Sunday, July 16, 2017

Being Distracted - Homily for the 15th Sunday in OT (A)

There are so many things that vie for our attention. Advertising, the child crying “Mom,” the daily worries. At any given time, we can go from being focused to being distracted. An occasional distraction isn’t always bad (we have a nice sign advertising our parish picnic), but when we don’t keep distractions in check, then they can become a serious problem.

An example: have you ever seen a distracted carpenter hammer a nail? Probably not, because it would not end well. Or have you ever sat as a passenger in a car where the driver was distracted? That last one causes me anxiety because I want my driver to be attentive—else we could die. So, distractions, if they are left unchecked, can become a serious problem. Attention and mindfulness, therefore, are important.

Last week, Jesus talked to us about rest and giving Him our worries. This week, Jesus is honest about how we can lose that rest or even have it stolen if we are not careful. He gives many ways that we can lose that peacefulness and I’ve found that, connected to His explanation of the thorns, distraction can easily steal our peace.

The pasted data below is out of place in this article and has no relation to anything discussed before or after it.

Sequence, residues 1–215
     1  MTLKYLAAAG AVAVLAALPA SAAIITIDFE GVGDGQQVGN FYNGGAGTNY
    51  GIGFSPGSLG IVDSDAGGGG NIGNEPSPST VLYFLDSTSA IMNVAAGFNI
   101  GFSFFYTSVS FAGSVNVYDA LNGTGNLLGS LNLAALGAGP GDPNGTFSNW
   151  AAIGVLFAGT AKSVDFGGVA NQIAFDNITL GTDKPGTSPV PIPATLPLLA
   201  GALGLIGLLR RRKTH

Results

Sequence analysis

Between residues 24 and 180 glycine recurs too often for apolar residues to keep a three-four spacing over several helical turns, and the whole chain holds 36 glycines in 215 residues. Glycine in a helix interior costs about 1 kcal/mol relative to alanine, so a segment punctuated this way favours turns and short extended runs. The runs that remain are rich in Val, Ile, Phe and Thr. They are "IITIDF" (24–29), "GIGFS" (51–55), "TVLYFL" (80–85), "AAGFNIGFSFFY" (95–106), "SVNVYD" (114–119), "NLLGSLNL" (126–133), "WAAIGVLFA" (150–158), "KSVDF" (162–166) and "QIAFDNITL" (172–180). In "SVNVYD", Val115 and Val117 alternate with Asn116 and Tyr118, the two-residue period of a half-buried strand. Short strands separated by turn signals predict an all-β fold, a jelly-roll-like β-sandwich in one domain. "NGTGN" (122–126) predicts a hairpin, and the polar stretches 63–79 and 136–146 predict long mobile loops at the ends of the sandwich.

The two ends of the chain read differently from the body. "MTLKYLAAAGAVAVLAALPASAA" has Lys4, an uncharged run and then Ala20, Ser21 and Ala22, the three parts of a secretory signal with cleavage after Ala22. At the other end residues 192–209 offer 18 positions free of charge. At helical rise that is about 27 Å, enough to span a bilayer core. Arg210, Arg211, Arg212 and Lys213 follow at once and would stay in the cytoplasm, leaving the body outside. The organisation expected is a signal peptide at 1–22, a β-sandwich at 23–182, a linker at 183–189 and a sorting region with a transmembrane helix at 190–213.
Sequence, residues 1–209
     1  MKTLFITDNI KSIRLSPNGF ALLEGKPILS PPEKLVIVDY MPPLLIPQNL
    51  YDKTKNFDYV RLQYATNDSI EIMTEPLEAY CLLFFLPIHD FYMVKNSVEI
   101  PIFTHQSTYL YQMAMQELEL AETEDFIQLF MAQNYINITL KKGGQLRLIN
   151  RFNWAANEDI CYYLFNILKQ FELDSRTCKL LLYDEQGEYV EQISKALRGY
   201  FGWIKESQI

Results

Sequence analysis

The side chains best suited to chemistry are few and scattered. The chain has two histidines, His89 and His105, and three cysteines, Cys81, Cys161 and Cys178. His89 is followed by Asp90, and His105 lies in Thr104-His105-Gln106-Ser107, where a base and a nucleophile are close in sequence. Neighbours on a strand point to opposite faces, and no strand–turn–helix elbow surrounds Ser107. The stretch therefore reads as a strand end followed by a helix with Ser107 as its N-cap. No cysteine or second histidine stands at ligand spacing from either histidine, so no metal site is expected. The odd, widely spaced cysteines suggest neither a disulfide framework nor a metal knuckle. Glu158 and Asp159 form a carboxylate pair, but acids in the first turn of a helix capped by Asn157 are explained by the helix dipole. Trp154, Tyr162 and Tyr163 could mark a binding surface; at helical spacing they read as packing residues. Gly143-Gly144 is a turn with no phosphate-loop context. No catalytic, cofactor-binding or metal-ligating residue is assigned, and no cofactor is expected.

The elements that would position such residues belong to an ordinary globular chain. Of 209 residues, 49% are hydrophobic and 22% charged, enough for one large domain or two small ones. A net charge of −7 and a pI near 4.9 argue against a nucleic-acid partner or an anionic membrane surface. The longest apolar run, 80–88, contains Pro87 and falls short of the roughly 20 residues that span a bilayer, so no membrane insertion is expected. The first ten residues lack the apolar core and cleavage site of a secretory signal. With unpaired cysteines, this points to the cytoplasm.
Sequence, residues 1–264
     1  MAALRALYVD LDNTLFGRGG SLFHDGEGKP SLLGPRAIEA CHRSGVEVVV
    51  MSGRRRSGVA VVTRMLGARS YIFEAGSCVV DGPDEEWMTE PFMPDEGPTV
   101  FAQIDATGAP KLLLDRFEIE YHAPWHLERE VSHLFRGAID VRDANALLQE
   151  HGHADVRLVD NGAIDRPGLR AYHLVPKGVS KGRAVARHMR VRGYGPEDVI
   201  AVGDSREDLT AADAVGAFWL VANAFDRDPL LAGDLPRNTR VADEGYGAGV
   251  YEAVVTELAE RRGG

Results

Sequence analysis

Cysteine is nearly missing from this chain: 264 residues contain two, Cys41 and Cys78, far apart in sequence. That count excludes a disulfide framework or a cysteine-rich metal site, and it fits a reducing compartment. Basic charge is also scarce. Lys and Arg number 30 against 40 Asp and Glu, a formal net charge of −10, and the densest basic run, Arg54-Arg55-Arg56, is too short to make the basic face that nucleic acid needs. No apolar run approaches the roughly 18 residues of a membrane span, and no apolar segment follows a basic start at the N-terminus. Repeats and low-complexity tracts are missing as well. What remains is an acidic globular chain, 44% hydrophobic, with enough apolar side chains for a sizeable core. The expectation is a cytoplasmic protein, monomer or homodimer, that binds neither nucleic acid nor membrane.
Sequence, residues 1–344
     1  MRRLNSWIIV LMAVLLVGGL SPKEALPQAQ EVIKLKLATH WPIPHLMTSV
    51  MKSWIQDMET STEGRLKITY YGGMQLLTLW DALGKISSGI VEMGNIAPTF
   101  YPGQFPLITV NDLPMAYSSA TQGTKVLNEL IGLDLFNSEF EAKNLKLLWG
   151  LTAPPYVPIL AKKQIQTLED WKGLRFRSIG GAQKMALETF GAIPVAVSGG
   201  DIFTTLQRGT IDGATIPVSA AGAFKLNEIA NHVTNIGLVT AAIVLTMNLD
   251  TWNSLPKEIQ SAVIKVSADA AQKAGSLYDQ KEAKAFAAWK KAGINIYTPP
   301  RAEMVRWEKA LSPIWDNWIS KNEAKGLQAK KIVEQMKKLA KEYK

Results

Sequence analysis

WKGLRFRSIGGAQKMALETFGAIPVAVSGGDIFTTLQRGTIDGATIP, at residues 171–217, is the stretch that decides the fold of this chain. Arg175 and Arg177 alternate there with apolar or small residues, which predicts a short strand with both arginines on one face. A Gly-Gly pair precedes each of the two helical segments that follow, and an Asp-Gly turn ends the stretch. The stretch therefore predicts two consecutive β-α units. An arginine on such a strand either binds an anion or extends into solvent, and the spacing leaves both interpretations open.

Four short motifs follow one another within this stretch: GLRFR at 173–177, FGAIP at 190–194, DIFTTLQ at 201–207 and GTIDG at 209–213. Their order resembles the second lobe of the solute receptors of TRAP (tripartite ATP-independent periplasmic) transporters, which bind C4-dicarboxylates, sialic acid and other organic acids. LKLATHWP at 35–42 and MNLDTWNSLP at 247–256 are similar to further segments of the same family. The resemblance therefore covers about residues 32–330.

So let me pose a question for you. It is not meant to condemn. It’s just a question to get you to think about the soil—that is, the state of your soul. Here’s the question: How long do you usually go before you forget about Jesus dwelling in you from the Eucharist at Holy Mass? Do you make it to the evening, but then forget about Him before bed? Will you remember Him this afternoon at the parish picnic? Will we make it through the parking lot after Mass today?

Some of you are saying: “Father, I’m not going to make it through Mass!” I know. I get distracted at Mass, too.

It's not a fun question. But again, no condemnation here. It's just a check of the soil. And I think all of us battle with distraction, of losing our attentiveness to God’s presence in our lives. I think this is The Battle going on in our modern culture, actually. I think if we remembered God dwelling in my soul and in the souls of others, there would be a lot more civility and a lot more peace. So, what are we to do?

Well, I think that all of us can say that we want more out of Mass and we want more out of life. Is this true? Do you want more out of life? 

There’s a scientific principle [Newton’s First Law] that says: an object in motion stays in motion unless acted upon by another force. So, imagine a huge freighter on the ocean. It’s chugging right along. And let’s say that the captain wants to turn the ship around because he realizes he’s going the wrong way. So the captain reverses gears, turns the rudder, and what happens? Does the ship make an immediate U-turn? No, it keeps ploughing ahead in the same direction for a while.